Surprise — Gap had a happy holiday
Gap Inc. turned in a positive holiday performance, reversing a string of declines, fueled by strong results from its Old Navy division and improvements by its namesake unit. The apparel giant also boosted its guidance for the year.
Gap’s net sales for the November and December holiday season edged up 1% compared to the year-ago period. Total same-store sales rose 2%.
Gap net sales for the five-week period ended December 31, 2016 increased 3% to $2.07 billion. Same-store sales for December rose 4% versus a 5% decrease last year.
Gap’s Old Navy division was the star of December, with a 12% increase in same-store sales. Same-store sales rose 1% at Gap Global, and fell 7% at Banana Republic.
Based on its results, Gap said it now expects earnings to be "modestly above” the high end of its previous adjusted guidance range of $1.92."
Report: Walmart Canada settles dispute with Visa
A six-month battle between Walmart Canada and Visa has come to an end.
The retailer, which threatened to ban the card processor from all of its stores nationwide due to “unacceptably high” credit-card transaction fees, has ended its feud, and will resume accepting Visa cards at its more than 400 stores starting Friday, Jan. 6.
“We have come to an agreement with Visa which allows us to continue offering Visa as a form of payment in our [Canadian] stores,” Walmart said on its website. “Customers in Manitoba and Thunder Bay, Ontario, will be able to use their Visa credit card starting January 6, 2017.”
Walmart’s Canadian division stopped accepting Visa at its three Thunder Bay outlets on July 18, due to increasing transaction fees, and extended the ban three months later across 16 stores in Manitoba. If the partners could not reach an agreement, the retail giant threatened to ultimately stop accepting Visa at all its stores in Canada.
Credit card processing fees are typically based on a percentage of the total value of goods sold, but these rates differ between cards and stores. To offset these rates, retailers absorb fees into the cost of goods, a practice that translates into higher merchandise prices for consumers.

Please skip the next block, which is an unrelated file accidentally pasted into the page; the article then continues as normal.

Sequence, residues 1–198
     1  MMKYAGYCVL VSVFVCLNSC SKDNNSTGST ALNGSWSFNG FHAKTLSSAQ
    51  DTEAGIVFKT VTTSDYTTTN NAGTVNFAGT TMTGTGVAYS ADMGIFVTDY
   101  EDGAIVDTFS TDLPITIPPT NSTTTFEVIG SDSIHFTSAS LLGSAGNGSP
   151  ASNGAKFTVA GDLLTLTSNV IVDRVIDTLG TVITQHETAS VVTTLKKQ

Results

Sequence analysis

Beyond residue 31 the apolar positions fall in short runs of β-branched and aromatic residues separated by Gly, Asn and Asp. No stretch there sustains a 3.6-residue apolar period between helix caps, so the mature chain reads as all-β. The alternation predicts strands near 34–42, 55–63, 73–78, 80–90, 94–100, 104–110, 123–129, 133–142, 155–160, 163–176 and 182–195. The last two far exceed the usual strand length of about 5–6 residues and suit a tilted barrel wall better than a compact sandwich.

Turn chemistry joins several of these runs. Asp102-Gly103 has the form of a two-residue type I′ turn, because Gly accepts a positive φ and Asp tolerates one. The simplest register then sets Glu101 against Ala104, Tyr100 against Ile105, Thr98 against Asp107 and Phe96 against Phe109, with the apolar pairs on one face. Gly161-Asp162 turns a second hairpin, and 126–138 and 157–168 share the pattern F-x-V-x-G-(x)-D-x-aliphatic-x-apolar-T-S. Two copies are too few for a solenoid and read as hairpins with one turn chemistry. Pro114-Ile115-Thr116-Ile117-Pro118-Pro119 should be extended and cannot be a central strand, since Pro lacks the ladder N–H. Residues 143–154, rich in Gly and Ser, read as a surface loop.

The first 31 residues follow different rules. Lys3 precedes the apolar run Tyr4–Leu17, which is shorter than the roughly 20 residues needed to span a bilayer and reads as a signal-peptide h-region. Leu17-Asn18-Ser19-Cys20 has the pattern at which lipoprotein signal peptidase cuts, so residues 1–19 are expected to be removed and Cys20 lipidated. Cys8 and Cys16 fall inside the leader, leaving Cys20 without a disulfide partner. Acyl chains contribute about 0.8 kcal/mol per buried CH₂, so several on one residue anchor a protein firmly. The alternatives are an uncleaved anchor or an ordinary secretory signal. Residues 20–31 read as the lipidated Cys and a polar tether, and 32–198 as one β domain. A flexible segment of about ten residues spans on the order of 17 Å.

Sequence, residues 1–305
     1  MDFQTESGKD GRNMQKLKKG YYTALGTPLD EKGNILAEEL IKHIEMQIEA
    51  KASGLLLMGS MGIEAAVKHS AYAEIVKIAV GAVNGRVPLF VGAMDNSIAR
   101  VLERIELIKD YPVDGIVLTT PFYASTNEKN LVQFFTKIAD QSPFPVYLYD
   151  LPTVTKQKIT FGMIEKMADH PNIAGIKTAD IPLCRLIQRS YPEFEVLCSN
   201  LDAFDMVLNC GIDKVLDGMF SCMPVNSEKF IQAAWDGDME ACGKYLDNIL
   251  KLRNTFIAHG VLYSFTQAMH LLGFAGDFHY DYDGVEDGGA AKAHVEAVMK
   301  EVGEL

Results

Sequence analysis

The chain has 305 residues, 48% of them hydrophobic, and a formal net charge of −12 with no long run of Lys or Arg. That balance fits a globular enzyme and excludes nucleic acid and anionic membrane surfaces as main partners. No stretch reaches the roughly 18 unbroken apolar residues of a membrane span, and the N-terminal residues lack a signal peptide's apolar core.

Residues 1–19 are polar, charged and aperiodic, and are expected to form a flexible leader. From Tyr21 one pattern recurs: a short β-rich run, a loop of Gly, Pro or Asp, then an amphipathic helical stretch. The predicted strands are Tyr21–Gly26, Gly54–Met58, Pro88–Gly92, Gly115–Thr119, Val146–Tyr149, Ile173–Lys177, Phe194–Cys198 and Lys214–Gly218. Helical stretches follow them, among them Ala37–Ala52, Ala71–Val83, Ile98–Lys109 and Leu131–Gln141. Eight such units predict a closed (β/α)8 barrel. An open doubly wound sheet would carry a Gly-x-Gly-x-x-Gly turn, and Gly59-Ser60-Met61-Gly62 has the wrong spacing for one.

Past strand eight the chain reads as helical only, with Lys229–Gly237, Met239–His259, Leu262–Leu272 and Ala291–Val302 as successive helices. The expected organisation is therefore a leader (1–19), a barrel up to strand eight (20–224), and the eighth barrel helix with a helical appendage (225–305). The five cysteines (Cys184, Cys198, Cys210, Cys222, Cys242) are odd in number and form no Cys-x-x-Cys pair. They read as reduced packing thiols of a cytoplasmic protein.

“To keep prices low we continuously assess opportunities to lower our operating expenses. Walmart Canada pays over $100 million in fees to accept credit cards each and every year. Lowering costs such as these is necessary for us to be able to keep our prices low and continue saving our customers money,” Walmart said on its website in September.
Canada is reported to endure some of the highest interchange fees in the world — averaging 1.78%. The United States followed with a close second of 1.73%, according to research firm Value Penguin.
Neither Walmart Canada nor Visa shared the new cost structure.
New center set to rise in Richmond
A site near the entrance to Innsbrook Office Park in Glen Allen, Virginia, north of Richmond, has been slated as the home of Dominion Shoppes at Innsbrook, a project of Dominion GA, LLC.
In a deal brokered by Cushman & Wakefield/Thalhimer, Dominion acquired the 2.4-acre tract from Doswell Properties for $2.9 million. The planned center is 100% pre-leased to tenants including Starbucks, Blaze Pizza, American Family Care, and Noodles & Company.
Jordan Nielsen and Alicia Farrell of Cushman & Wakefield/Thalhimer handled both the sale and leasing on behalf of Dominion.